Shorts | Culture | Times Crest
Popular on Times Crest
  • In This Section
  • Entire Website
More in this Section
Leaving tiger watching to raise rice Ecologist Debal Deb, who did his post-doctoral research from IISc in…
The crorepati writer He's the man who gives Big B his lines. RD Tailang, the writer of KBC.
Chennai-Toronto express Review Raja is a Canadian enthusiast whose quirky video reviews of Tamil…
Don't parrot, perform Maestro Buddhadev Dasgupta will hold a masterclass on ragas.
A man's man Shivananda Khan spent his life speaking up for men who have sex with men.
Bhowmick and the first family of Indian football At first glance, it would be the craziest set-up in professional football.
From Times Blogs
The end of Detroit
Jobs in Detroit's car factories are moving to India.
Chidanand Rajghatta
How I love the word ‘dobaara’...
Can ‘bindaas’ or ‘jhakaas’ survive transliteration?
Shobhaa De
Anand marte nahin...
India's first superstar died almost a lonely life.
Robin Roy


Hogwarts treehouses

JK Rowling may have moved on to adult books but she doesn't want to let go of Harry Potter. Neither do her children. The author and her husband Dr Neil Murray recently applied to build two treehouses on their property in Edinburgh. Though 'treehouse' may sound rather simple and rustic, Rowling has something far more imposing in mind - something that resembles her famous fictional school of magic, Hogwarts. The two houses for her youngest children David (9) and Mackenzie (7) will be about 40 feet tall and have everything from turrets, a rope bridge and a 'secret tunnel' to a trampoline deck and a trap door. The whole project is billed at over $200, 000. Not a problem for Rowling, whose Gringotts Wizarding Bank account is simply clinking with gold and silver.

More about Gore

The great American writer Gore Vidal, 86, died last week, and as the obituaries came pouring in, The Guardian summed his life up best when it said that Vidal wrote many great novels and essays, but his greatest work was his life. His life "an American epic which sprawled beyond literature to encompass Hollywood, Broadway, Washington and the Bay of Naples, with incidental roles for almost every major American cultural and political figure of the 20th century. Vidal, who once said he had 'met everyone, but knew no one', gave JFK the idea for the Peace Corps, was called in to rescue the script for Ben-Hur, ran unsuccessfully for both Congress and the Senate, and got into a fist-fight with Norman Mailer. " His third novel The City and the Pillar with its gay protagonist unleashed a furore in the US where sodomy was still illegal. Inspired by Vidal's great love, Jimmy Trimble who died at war in 1945, it became an instant bestseller, catapulting the author to national celebrity. The negative publicity almost destroyed him but publicity of any kind was something that Vidal thrived on. As he once acidly quipped: "I never miss a chance to have sex or appear on television. "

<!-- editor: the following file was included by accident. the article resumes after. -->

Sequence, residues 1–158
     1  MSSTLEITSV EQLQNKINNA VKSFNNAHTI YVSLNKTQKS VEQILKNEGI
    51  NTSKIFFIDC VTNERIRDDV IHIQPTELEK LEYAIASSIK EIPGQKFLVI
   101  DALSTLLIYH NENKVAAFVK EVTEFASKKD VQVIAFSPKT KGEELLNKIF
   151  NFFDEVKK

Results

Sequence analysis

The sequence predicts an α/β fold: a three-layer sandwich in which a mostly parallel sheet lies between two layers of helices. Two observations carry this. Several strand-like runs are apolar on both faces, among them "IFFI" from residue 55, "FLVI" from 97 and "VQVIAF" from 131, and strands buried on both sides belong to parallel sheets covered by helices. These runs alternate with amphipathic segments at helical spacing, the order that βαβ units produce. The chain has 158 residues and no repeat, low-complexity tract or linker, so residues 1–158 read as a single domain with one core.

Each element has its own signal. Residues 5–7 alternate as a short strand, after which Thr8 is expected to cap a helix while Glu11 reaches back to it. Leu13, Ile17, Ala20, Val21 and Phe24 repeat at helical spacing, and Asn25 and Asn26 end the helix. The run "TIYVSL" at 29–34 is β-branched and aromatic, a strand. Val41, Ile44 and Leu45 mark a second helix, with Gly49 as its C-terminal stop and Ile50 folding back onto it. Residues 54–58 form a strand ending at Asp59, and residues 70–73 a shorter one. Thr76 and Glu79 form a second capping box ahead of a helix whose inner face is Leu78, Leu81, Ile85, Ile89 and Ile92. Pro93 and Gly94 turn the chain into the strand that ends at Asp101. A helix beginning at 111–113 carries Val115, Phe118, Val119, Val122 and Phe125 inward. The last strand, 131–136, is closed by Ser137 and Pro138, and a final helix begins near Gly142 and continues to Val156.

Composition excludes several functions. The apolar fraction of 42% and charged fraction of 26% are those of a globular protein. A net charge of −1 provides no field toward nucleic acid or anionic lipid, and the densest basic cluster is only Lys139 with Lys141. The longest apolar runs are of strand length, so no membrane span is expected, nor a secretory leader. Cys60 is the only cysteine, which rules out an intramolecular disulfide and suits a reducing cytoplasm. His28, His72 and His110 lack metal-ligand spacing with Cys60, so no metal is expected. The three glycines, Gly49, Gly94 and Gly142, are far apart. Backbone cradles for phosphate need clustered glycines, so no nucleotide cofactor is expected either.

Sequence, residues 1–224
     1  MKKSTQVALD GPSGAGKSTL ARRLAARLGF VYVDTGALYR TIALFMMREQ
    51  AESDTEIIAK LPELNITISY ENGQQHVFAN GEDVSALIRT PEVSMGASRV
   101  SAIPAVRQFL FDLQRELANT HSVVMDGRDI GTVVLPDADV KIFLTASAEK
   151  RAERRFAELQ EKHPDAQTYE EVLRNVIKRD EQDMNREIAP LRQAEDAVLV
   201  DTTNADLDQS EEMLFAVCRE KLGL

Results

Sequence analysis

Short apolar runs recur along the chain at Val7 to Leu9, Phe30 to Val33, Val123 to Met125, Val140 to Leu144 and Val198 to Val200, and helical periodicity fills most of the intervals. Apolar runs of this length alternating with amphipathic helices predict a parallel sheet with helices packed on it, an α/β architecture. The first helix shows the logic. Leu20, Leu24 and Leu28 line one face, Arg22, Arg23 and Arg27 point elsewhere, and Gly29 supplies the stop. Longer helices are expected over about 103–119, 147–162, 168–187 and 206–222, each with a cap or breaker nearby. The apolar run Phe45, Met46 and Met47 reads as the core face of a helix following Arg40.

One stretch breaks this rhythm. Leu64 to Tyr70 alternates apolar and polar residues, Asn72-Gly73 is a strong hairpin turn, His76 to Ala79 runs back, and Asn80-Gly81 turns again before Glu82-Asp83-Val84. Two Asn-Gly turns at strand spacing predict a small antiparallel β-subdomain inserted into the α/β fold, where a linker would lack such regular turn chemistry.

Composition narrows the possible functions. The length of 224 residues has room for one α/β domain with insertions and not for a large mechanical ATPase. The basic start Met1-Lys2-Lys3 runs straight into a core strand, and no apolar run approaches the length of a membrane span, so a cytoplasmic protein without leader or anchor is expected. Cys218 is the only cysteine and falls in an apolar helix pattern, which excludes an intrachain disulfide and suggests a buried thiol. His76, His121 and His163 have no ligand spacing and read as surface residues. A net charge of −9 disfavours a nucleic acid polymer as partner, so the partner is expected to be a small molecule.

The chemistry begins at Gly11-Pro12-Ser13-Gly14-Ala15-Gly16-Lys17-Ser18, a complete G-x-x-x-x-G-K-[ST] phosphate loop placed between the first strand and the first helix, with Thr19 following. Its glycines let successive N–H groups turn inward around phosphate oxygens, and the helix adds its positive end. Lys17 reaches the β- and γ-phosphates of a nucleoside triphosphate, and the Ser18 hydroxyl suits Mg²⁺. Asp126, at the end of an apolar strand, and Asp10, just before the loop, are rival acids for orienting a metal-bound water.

Other Times Group news sites
The Times of India | The Economic Times
इकनॉमिक टाइम्स | ઈકોનોમિક ટાઈમ્સ
Mumbai Mirror | Times Now
Indiatimes | नवभारत टाइम्स
महाराष्ट्र टाइम्स
Living and entertainment
Timescity | iDiva | Bollywood | Zoom
| Technoholik |


itimes | Dating & Chat | Email
Hot on the Web
Book print ads | Online shopping | Business solutions | Book domains | Web hosting
Business email | Free SMS | Free email | Website design | CRM | Tenders | Remit
Cheap air tickets | Matrimonial | Ringtones | Astrology | Jobs | Property | Buy car
Online Deals
About us | Advertise with us | Terms of Use and Grievance Redressal Policy | Privacy policy | Feedback
Copyright© 2010 Bennett, Coleman & Co. Ltd. All rights reserved. For reprint rights: Times Syndication Service